The second story has been about police excess in dealing with suspects and passivity in dealing with civilian reports of crime. In 2015, the Guardian revealed the existence of Chicago Police Department “black sites,” where suspects were routinely denied civil liberties. The police shooting of Laquan McDonald, a black teen-ager, and the release of dashboard-camera video showing that the officer’s claim that he acted in self-defense was obviously false, elevated concerns about accountability in the department. Meanwhile, Chicago homicide investigators have identified suspects in only twenty-nine per cent of cases, a rate that is less than half the national average. In October, 2015, Mayor Rahm Emanuel said that his officers, who feared becoming the next face of police violence, had taken a “fetal” position. Apparently, that fear has persisted. “The major thing you hear from Chicago cops,” Eugene O’Donnell, a former N.Y.P.D. officer and prosecutor for the Brooklyn and Queens District Attorneys, who is now a professor at the John Jay College of Criminal Justice, said this week, “is to stay fetal—go fetal, stay fetal.” Arrests were down twenty-eight per cent this past year.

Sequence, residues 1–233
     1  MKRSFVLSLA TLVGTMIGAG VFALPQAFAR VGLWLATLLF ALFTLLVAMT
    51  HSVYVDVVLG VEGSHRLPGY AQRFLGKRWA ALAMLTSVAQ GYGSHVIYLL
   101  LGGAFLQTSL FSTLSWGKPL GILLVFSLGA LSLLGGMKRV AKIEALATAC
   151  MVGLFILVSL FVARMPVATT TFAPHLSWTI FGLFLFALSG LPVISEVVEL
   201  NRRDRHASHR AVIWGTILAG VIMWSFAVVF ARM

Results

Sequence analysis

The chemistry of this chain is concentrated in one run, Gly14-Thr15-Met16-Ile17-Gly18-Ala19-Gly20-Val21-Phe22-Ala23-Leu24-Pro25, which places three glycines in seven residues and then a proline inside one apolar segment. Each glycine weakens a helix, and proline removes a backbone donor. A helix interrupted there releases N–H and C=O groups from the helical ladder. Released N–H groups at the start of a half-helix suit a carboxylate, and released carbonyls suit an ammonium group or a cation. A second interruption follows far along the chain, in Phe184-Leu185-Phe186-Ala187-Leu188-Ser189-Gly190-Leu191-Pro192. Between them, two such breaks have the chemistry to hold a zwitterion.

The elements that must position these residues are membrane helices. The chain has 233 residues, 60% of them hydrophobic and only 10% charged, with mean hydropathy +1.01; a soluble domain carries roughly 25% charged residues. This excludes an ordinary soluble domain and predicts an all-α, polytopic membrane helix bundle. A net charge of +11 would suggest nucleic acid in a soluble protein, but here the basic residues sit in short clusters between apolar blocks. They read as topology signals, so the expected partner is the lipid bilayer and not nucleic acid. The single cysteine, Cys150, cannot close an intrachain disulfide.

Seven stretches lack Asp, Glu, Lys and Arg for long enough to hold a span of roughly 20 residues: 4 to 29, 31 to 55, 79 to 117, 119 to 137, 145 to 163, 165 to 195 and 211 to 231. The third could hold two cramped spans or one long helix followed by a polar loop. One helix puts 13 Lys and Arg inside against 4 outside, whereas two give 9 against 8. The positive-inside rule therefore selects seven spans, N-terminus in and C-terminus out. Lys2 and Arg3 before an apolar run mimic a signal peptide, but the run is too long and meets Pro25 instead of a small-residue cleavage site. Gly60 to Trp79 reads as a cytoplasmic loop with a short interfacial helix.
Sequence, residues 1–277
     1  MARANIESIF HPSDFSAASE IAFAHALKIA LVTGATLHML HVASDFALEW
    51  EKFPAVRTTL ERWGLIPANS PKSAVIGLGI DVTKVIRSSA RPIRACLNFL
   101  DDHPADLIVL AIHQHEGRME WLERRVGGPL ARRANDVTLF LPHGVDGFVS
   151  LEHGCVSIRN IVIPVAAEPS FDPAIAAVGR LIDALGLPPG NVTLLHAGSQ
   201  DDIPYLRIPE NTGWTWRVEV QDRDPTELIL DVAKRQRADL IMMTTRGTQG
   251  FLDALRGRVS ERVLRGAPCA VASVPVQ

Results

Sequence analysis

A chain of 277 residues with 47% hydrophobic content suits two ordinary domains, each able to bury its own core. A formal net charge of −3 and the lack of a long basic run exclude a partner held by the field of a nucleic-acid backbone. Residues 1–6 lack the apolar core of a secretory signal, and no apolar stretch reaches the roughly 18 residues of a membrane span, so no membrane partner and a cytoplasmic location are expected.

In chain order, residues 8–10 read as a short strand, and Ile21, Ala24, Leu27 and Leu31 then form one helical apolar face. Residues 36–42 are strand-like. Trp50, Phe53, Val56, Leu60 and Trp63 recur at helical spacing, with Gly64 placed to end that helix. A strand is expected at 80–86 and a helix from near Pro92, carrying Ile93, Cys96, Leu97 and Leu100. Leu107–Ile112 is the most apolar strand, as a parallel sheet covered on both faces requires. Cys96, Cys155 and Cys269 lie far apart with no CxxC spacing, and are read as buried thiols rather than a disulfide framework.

On Friday, in what may be the last major act of the Obama Administration, the Department of Justice issued a hundred-and-sixty-eight-page report into the failures of the Chicago Police Department. One measure of the authors’ alarm is that they used the word “unconstitutional” twenty-two times, often to describe the department’s patterns of using force. The D.O.J.’s investigation began in December, 2015, shortly after the video of McDonald’s death was released. Much of the report it produced shows how the department’s internal investigations following complaints of police misconduct are systemically biased toward cops. But the report also connected departmental abuses like McDonald’s shooting to a breakdown in trust between police and the community, and linked the collapse in trust to the increase in violent crime. “The City and CPD acknowledge that this trust has been broken,” the report said, by “systems that have allowed CPD officers who violate the law to escape accountability. This breach in trust has in turn eroded CPD’s ability to effectively prevent crime; in other words, trust and effectiveness in combating violent crime are inextricably intertwined.”